How to Calm Down A Kitten When Hyper: Tips and Tricks
Molly Hitchens studied business for years before launching her career as a journalist and analyst specializing in original and innovative business planning. She shares her expertise through her work with The Idea Trader as well as through in-person speaking engagements at universities around the country.
If you’ve ever owned a kitten before, you know very well that they have more energy than any of us has ever had.
They can spend hours at a time literally bouncing off the walls and still be ready to attack every set of shoelaces in the house.
But if you want your new cat friend to behave around guests or during times with a lot of activity, it’s crucial that you find ways to calm your cat down, preferably without spending a lot of money in the process.
Our list will show you how to calm down a kitten when hyper, and they just might help you calm down, too.
We all like playing with our cats. They’re an endless source of entertainment and affection. And especially in the early days of owning a kitten, there’s little else that can distract from that cute little scruffy face.
But there are times when play is inappropriate, or when play can just get plain out of hand. That’s when it’s important to make it clear to your cat that you won’t put up with it.
The first step in the process is to just stop playing with the cat. Cats feed off your energy and enthusiasm to a certain degree. And if you keep playing with a hyper cat, don’t be surprised when the claws come out.
Don’t Pay Attention
The next step for helping a cat calm down in the moment is to stop giving the cat attention. If possible, leave the room and close the door.
When left to its own devices, your cat is more likely to calm down faster if they know that you’re not paying attention.
It may be difficult, and your impulse may be to scold the cat or restrain it. But it's important to remember that cats enjoy any kind of attention, even if it’s negative. And it may encourage the cat to continue unwanted behavior.
The ThunderShirt got its start as a helpful garment for dogs, to help control anxiety and overactivity. Since then, the product line has expanded to include versions for cats as well.
The basic concept is that by applying light pressure to the pet’s abdomen, the animal will feel calm and secure.
ThunderShirt is far from the only brand manufacturing calming garments for pets, but the company is the most prominent and their products are widely accessible via common pet supply outlets.
Not all pets respond positively to a ThunderShirt or similar garment, but it might be worth your time to see if your cat, in particular, finds the experience pleasing and calming.
If they do, then the ThunderShirt is likely to become your go-to for getting your cat to calm down.
We’ll take a wild guess and say that your kitten probably likes treats. And that makes calming treats one of the most practical ways to get your cat to settle down.
Calming treats come in a variety of styles and ingredient combinations. Some include melatonin, a natural chemical substance present in the human body. Others simply combine herbal supplements to achieve similar results.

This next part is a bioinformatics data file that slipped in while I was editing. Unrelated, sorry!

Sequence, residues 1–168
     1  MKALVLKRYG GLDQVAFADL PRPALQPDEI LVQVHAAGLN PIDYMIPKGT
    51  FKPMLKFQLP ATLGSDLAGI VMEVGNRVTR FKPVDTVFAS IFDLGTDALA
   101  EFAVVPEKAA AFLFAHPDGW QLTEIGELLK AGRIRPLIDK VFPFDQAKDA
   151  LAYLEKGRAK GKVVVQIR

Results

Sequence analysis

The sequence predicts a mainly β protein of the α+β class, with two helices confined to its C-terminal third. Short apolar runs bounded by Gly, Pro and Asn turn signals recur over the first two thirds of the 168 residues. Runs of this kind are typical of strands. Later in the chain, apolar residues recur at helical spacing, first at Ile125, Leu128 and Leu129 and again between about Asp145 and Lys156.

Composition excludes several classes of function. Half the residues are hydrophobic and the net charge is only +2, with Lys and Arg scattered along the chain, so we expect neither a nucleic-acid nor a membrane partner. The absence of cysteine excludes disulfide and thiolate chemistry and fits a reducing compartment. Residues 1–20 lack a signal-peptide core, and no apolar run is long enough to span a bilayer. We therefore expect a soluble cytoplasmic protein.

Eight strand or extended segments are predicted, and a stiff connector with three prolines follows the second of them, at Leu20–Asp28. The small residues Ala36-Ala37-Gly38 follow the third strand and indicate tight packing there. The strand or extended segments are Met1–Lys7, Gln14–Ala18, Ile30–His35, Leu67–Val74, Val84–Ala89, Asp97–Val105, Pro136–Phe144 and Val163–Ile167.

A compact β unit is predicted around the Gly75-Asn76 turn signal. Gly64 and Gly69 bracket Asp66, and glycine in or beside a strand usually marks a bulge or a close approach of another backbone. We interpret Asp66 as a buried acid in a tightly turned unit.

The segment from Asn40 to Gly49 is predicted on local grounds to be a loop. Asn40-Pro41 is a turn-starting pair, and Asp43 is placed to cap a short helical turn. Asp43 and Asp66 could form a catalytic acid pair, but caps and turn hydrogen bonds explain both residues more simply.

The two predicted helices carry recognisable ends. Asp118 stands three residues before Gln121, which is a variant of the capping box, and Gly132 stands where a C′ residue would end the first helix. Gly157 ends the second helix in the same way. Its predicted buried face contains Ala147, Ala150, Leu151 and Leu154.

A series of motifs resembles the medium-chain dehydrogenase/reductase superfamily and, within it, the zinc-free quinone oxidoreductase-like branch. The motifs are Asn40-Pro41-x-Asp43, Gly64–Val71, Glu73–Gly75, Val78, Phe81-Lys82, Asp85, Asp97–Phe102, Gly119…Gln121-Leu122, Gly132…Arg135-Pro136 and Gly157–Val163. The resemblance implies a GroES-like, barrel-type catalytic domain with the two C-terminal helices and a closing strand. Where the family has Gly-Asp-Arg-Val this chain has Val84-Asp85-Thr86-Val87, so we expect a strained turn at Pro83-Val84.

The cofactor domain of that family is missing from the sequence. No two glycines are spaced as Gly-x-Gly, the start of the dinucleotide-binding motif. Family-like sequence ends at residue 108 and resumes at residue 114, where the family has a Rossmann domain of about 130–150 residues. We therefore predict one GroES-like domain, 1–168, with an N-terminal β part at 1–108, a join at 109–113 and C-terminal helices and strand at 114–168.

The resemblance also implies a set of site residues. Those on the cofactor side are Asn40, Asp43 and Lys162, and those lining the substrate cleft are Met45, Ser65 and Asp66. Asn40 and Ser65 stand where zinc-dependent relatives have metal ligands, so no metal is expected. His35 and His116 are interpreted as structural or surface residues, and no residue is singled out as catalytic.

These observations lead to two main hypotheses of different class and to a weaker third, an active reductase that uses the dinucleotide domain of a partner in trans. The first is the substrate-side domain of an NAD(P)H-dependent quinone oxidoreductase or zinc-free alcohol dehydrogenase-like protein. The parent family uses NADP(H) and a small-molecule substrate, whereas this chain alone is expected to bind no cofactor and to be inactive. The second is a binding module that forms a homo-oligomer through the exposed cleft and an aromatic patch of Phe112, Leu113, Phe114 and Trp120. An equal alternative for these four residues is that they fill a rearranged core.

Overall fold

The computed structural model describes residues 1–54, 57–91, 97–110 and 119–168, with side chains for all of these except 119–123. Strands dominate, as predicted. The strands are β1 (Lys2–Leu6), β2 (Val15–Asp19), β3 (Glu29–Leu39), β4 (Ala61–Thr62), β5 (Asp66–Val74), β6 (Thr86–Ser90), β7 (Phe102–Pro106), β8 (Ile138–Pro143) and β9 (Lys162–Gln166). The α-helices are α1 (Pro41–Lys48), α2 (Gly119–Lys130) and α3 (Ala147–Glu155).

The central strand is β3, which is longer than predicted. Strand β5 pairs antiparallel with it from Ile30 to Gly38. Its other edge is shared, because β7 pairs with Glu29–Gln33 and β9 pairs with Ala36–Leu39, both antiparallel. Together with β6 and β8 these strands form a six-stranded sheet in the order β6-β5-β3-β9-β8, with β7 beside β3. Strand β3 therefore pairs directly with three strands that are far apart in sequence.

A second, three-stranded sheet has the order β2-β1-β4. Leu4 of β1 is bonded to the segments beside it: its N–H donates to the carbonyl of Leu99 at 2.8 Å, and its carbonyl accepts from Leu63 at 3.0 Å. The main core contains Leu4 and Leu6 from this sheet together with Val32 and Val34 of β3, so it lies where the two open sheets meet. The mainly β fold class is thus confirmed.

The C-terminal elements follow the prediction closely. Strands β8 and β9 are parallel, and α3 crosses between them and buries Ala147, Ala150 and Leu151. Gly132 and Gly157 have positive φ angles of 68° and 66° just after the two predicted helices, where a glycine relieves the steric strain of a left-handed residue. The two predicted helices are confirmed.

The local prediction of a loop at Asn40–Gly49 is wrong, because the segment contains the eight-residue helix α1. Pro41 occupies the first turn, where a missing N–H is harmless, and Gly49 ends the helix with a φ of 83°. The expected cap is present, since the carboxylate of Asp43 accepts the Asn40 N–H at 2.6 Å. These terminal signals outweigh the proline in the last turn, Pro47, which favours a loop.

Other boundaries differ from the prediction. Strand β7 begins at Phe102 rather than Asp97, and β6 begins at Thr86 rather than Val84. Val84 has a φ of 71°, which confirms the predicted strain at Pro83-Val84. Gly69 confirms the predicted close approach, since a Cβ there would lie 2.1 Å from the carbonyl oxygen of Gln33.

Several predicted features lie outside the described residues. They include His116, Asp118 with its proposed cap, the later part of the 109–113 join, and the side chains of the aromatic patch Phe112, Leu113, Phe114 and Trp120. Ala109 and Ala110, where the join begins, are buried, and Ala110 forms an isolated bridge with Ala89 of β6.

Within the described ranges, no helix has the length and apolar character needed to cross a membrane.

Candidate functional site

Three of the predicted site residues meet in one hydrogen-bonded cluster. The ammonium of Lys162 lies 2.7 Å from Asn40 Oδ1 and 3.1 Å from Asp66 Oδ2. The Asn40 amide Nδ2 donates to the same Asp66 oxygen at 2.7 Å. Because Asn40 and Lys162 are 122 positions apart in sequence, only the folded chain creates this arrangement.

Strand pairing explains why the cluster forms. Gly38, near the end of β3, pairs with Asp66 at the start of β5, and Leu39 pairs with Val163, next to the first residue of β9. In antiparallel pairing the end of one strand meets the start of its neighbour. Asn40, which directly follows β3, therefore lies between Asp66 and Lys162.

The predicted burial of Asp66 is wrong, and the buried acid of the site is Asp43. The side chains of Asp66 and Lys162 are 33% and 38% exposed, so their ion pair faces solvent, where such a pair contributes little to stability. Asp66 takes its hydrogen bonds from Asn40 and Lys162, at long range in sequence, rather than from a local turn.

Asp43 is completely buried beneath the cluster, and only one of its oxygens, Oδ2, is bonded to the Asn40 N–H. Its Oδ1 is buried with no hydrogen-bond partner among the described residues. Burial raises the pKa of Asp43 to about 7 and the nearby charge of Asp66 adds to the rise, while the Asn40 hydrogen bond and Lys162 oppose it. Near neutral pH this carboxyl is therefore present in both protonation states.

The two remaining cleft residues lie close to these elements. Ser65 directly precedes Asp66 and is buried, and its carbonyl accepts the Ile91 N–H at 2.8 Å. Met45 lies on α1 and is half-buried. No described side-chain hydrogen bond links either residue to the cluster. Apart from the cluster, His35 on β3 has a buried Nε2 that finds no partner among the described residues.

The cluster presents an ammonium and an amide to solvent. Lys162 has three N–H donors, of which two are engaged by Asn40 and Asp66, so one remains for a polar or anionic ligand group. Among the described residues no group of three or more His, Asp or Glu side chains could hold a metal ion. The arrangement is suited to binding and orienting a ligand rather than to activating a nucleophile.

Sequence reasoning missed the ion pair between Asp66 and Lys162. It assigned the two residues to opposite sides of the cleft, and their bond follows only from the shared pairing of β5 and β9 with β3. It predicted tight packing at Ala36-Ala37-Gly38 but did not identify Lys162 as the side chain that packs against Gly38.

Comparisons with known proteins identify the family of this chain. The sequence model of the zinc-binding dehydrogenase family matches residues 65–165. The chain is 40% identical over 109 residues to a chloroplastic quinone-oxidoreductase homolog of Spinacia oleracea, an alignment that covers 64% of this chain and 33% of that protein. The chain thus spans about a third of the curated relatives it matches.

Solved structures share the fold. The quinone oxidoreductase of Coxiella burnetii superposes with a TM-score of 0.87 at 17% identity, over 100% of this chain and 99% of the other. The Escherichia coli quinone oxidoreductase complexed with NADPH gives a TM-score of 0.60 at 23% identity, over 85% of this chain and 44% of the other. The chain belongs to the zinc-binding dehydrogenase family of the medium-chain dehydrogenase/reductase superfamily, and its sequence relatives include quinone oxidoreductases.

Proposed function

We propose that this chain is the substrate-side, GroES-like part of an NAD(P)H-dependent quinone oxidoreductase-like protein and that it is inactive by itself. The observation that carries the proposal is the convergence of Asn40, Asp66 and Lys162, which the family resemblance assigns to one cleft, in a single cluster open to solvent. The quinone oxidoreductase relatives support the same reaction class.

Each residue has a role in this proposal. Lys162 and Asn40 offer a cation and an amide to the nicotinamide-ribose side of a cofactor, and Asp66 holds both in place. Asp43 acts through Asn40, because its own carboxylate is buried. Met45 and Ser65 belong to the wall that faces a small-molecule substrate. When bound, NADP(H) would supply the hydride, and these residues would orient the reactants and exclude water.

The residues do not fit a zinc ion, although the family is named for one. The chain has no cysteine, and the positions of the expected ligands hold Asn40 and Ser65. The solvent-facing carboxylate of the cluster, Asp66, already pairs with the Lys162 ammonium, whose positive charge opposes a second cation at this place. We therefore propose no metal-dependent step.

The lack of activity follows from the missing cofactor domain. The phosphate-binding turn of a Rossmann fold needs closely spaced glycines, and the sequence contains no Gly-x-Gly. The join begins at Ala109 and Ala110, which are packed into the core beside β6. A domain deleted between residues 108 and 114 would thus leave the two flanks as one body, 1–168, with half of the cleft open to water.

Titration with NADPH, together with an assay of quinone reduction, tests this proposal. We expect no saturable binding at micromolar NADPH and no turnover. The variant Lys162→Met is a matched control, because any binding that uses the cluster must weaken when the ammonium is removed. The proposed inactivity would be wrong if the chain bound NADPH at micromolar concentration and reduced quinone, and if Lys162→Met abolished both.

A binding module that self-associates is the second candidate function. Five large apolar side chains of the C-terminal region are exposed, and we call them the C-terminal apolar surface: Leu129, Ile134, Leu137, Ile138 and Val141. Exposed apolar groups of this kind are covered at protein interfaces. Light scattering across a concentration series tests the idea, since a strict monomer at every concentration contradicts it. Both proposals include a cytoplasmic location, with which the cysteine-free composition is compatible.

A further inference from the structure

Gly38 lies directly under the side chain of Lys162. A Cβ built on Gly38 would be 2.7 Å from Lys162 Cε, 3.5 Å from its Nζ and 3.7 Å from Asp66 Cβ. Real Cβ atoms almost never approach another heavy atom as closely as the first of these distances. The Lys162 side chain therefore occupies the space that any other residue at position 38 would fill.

The downside of calming treats is that they work differently for each animal. There are also limits for how many of these treats you can feed to your cat in a 24-hour period.
So while calming treats are not an everyday solution, they can come in handy when traveling or on those nights when your kitten just won’t go to sleep.
Calming Sounds for Cats
In scientific studies, it has been suggested that cats don’t respond very much to human music in general, while dogs can potentially be calmed down by quiet, slow-moving human music.
However, there are certain types of music and sounds specifically designed to help calm your cat down.
Many of these are available on streaming services like YouTube and Spotify. There are also dedicated Bluetooth speakers meant to be placed near your cat’s private area in the home that can have a similar calming effect.
Cats have a very highly developed sense of smell. And while their sense of smell isn’t as sensitive as that of their canine counterparts, cats, and especially kittens, are very sensitive to strong smells.
To help provide relief from the strong smells in your home, from cooking ingredients to perfume or cologne, consider trying a calming diffuser.
These small devices plug right into a wall outlet. The only continuing cost is the scent pods that lock into the plug component.
They slowly disperse a mild scent that cats will find relaxing and that you won’t mind at all.
Turn Off Music and Videos
Controlling and altering your home environment is also key to preventing energy outbursts from your kitten. Above all else, this means making sure that the environment is completely safe for your pet.
Make sure that electrical wires are properly shielded and generally inaccessible to your cat. Don’t use loud appliances like washing machines or vacuums too close to the kitten.
Another important way you can control the cat’s environment is to take note of how often you have audio playing from videos or music sources.
While cats may not have a real preference on the type of media you play, they do respond negatively to loud noises. Don’t keep your media at a high volume for much of the day.
Consider wearing headphones more often or limiting your media usage to just a couple hours each day.
Just remember that your kitten has its own personality, one that you will learn more about over time, through years and years of memorable experiences.
Some of these tips might not work for your cat. But the ones that do will help give hints towards what your cat likes and responds positively to. You can use those hints to come up with new ways to keep your cat calm and set early boundaries.
Soon enough, your friendship will have more depth and meaning than before.